Rick H. links to a forthcoming article by Professors Michael Stokes Paulsen and Will Baude on Section 3 of the Fourteenth Amendment, and specifically the application of that section to former president Donald Trump. I am sure the paper will generate significant attention, praise, skepticism, and criticism in the weeks ahead.

But I wanted to focus on one small (but important!) piece, the ballot access issue, which I’ve written about extensively over the years–these are my own views that try to synthesize the Constitution’s text and structure with a long liquidated practices of the states. In short, states do hold the power to judge the qualifications of presidential candidates and may exclude ineligible candidates from the ballot. But they need not do so, and it is up to the legislature in each state to decide whether to implement rules to adjudicate qualifications. (And for a refresher of the path that such litigation might take, I recommend my November 2022 blog post on this topic, which has aged, so far, fairly well. And for a more succinct version of this, check out Ned’s important Washington Post piece that went up today.)

Continue reading States have the power to judge the qualifications of presidential candidates and exclude ineligible candidates from the ballot, if they want to use it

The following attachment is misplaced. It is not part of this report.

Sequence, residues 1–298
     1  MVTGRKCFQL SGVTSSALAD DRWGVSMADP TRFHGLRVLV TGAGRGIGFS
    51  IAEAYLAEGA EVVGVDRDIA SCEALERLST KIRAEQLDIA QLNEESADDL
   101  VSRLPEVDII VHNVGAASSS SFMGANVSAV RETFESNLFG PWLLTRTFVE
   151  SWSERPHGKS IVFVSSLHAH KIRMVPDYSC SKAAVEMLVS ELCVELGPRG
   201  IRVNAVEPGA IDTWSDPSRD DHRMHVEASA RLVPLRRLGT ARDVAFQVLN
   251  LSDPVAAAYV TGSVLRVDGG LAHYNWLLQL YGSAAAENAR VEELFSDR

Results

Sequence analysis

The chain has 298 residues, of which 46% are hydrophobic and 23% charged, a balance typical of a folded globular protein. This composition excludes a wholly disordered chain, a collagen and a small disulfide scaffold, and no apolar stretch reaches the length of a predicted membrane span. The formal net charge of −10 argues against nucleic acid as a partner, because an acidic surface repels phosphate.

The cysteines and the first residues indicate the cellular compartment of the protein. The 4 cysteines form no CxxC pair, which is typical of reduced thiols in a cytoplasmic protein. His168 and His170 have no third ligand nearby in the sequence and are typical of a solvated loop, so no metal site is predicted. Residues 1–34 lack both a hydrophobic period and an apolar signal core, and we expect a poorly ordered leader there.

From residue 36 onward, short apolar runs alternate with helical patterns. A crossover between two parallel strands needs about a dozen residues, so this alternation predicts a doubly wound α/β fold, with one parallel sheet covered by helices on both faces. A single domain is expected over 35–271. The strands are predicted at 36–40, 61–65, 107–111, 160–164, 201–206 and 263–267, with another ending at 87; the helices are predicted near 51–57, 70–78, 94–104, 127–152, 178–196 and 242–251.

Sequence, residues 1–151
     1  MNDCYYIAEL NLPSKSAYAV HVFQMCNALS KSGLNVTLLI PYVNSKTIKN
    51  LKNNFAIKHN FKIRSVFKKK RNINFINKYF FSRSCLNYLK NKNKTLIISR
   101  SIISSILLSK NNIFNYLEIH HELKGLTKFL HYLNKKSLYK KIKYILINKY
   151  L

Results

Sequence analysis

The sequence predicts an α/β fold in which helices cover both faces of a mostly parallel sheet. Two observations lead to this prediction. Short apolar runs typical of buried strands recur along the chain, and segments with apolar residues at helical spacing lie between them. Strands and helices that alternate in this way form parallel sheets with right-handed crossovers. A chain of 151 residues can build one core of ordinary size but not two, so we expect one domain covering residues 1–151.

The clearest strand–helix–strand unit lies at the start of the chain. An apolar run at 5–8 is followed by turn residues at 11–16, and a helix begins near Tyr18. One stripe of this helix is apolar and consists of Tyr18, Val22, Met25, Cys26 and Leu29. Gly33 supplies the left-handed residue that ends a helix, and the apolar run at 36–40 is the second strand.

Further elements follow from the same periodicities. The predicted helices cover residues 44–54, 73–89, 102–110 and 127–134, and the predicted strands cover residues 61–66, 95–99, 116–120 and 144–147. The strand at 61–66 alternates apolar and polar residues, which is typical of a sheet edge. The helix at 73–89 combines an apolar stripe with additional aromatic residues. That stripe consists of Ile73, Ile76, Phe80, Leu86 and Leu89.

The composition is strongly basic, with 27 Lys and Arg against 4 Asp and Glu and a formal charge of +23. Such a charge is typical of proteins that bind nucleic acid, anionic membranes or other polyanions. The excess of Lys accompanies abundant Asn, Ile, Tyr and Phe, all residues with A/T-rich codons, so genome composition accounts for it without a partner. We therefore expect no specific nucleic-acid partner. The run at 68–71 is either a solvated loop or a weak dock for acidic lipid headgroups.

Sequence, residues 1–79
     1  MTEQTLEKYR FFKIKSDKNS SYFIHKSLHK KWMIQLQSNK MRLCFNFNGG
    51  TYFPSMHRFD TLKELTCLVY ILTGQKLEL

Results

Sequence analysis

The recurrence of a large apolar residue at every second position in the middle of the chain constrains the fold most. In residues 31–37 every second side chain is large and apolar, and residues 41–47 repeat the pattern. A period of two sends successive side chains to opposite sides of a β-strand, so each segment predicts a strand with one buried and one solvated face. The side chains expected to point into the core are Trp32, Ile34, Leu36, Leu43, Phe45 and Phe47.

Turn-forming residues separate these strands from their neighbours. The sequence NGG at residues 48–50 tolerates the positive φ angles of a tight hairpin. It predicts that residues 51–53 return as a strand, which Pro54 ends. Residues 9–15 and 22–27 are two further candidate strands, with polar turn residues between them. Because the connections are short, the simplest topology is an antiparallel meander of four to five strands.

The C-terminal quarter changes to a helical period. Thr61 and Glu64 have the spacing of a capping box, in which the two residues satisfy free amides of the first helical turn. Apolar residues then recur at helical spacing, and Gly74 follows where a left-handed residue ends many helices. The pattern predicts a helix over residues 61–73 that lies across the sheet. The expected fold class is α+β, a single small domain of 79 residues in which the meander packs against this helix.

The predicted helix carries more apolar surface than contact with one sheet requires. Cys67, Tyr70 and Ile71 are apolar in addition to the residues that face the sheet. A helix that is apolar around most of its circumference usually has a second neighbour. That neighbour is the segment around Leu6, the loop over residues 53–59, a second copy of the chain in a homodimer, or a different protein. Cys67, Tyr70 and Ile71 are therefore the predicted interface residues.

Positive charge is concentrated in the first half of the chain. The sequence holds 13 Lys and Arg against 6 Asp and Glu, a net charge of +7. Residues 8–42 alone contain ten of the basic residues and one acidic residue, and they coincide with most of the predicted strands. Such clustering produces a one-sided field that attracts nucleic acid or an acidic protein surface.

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“Once Rare, Impeachments and Censures Have Become the Norm in Congress”


When the House formally censured Representative Paul Gosar, Republican of Arizona, in November 2021, it was the first time in more than a decade that the punishment had been handed out on the floor. Less than two years elapsed before the next censure — and more attempts are on the way.

No president had been impeached for 130 years before Bill Clinton faced charges by the Republican-controlled House in 1998. Donald J. Trump was then impeached twice — doubling the number of presidential impeachments. Now, many Republicans are working to impeach President Biden.

Proposals to censure lawmakers and impeach members of the Biden administration are piling up quickly in the House in an illustration of how once-solemn acts are becoming almost routine as the two parties seize on these procedures as part of their political combat. And the trend is only likely to intensify given the enmity between Republicans and Democrats over a new federal indictment brought against Mr. Trump for his efforts to overturn the 2020 election, and the G.O.P.’s desire to even the score.

The proliferation of censures and cries for impeachment is troubling to some who see it as a threat to the standing of the institution as well as diminishing the weight such punishments are supposed to carry. Censure is the congressional penalty just below expulsion.

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Brandon Johnson: “Election Aggrandizement”